This tactic works by telling the reader exactly what’s important, instead of showing them the effect the dialogue had on Catherine. Austen tells very well.

4. Austen’s character creation is strong. Mr. Thorpe, Isabella, Henry, the General, and Catherine are all distinct characters who are different people. Austen does this through describing them immediately, but not with the usual blazon. Rather, she describes their character, what makes them tick. With Isabella, her tactic is a little different in that Austen shows her character very effectively through her actions and reactions. Like any Austen book that I’ve read, her characters all make sense and seem realistic for the situations and time period that they exist in.

5. In all, this is a good book. It’s hilarious and well written, structured simply but effectively, and contains good characters. But I fear it’s too referential to be a great book: if you aren’t familiar with Gothic novels and Rousseauian sensibilities, the jokes will fall flat and this will seem like a poor Austen novel. However, for somebody who has read some of those, or is at least familiar with them, this novel is a real treat: a wry, satirical look at the Gothic sensibilities with just a hint of bitterness.

05 January, 2016

The Name of the Wind by Patrick Rothfuss

For Isaac and Garrett.

1. Rothfuss tells this story mostly well. The story is interesting, with a satisfying number of things going on. Each chapter adds to some part of the narrative. There are various interesting characters and experiences. But some aspects feel like a foregone conclusion. For instance, the main character makes a few claims that things don’t work out like they do in a story—but they totally do here: Denna’s attraction to Kvothe surprises nobody except Kvothe; Kvothe’s slaying of the cow-beast thing works just like it has a hundred times before in books; everytime Kvothe is down to his last penny, some stroke of luck grants him reprieve from starvation. These lucky breaks annoy me a bit, as do his wry observations about storybook tales being constantly undermined. However, they manage to stay just this side of deus ex machina: the beast being killed accidentally and costing Kvothe much more than he anticipated, getting a whole silver talent as a beggar then getting it beat out of him, running into and losing Denna again and again. Rothfuss keeps the tale from relying too much on deus ex machina, but still manages to weave some surprise into the novel. This is done passably, but in all, the story is pretty good. I enjoyed it and it certainly kept me reading. It was exciting without a big body count, and that’s refreshing.

2. The structure of the story is pretty interesting. There are two timelines going on: the present-day and the past. In the present, the area Kvothe lives in is nebulous and torn apart by wars and weird creatures, while in the past the tale shows young Kvothe growing up. I assume that at the end of the third book, these two storylines will meet. But this allows Rothfuss to drop hints and foreshadow heavily. For instance, we know at one point that Kvothe will kill a king, get expelled from the University, and lose Denna irrevocably. But at this point, we don’t know why or how or when any of this will happen. This helps add to the way the book keeps me reading. The heavy foreshadowing shows this book for what it is: pulp fiction. But the structure is interesting and really works well.

3. Rothfuss even foreshadows that the tale is switching from present to past and staying there for a long time in the way Kvothe warns Devan that the tale will take three days to tell. This switch is a real risk for the author. It occurs around twenty percent into the book and it’s a major shift: basically restarting the book with new characters in a new place, changing the tone entirely, and not referring back to the present day world he’s already built explicitly. This is a real risky point where Rothfuss could’ve lost the reader easily, but he uses three pages to explain Devan’s appointment and Kvothe’s unwillingness to adhere to Devan’s time schedule. This explains to the reader what is coming. From there, the narrative is mostly in the past, with brief interludes into the present timeline. It’s well done.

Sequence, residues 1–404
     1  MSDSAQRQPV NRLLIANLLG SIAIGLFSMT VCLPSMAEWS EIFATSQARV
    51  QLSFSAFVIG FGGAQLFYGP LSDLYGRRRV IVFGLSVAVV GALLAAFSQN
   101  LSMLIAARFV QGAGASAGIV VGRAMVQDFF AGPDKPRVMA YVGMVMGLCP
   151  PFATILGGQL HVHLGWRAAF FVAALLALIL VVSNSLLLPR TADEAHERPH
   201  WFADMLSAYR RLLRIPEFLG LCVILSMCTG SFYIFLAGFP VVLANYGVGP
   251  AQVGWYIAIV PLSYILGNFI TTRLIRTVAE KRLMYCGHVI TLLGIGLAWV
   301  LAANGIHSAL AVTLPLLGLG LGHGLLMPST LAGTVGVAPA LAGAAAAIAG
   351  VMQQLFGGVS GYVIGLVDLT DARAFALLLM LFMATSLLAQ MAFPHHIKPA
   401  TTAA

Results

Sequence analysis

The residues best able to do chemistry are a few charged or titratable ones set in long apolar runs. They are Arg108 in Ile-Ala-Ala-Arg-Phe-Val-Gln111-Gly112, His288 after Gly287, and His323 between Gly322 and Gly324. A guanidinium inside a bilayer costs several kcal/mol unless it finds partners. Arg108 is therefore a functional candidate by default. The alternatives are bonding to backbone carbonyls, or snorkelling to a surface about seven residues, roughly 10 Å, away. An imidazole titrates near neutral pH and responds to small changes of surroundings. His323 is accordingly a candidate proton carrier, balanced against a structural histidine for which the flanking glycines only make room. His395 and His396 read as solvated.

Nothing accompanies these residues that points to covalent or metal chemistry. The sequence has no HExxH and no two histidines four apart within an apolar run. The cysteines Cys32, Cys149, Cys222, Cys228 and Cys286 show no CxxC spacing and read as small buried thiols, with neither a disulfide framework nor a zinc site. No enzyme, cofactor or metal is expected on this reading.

4. Unfortunately, the writing is poor. Well, that’s not entirely fair. The writing is fine, but it’s pulp fiction writing. This novel won an award for Young Adult literature and Rothfuss’ vocabulary is limited, but not overly so. He even tries his hand at a few interesting tactics: specifically some nice repetition and some consonance. So it’s interesting for me to read as an adult. But I can also see my teenage boy self liking it more than I did.

5. One area where he steps away from traditional pulp fiction is in his characterizations. Nobody is perfect, nobody is wholly evil. The Fae are humanized by Bast, while Denna has a crooked nose. She is the love interest and, as such, Kvothe looks at her through rose-colored glasses, but Kvothe’s friends point out that she is cruel and has a crooked nose. She’s not perfect, and neither is Kvothe, and that’s a positive for the story. It somehow feels more honest, even with the storybook aspects Rothfuss has in there.

6. The theme seems to be some sort of call to find the silver lining in everything. I mean, this seems to be Rothfuss’ conclusion most of the time. Kvothe decides to be satisfied with how much time he gets to spend with Denna. He is satisfied with his paltry rainy day fund while homeless. At college he isn’t satisfied with being banned from the Archives, but he finds ways to work with it and doesn’t let it eat him apart. His whole family is murdered and he finds a healthy way to deal with it—it even teaches him about other people in a very important way. I guess this list shows that the theme is more about how to handle what life throws at you and turn all to your advantage, no matter how small that advantage. It’s about the importance of turning a negative into a positive, owning your faults in the sense of learning from them and when to allow them, and keeping a positive attitude.

7. I have some friends who consider this their favorite book, and I can see that. I know I have said some critical things so far, but it’s a cracking read and a good book: very exciting without being overly violent for the built world, and it kept me reading way past my bedtime. It has enough going on, enough threads to keep me reading. Being interested in the story and world from reading this book, I will be immediately reading the next one. This one is a good book.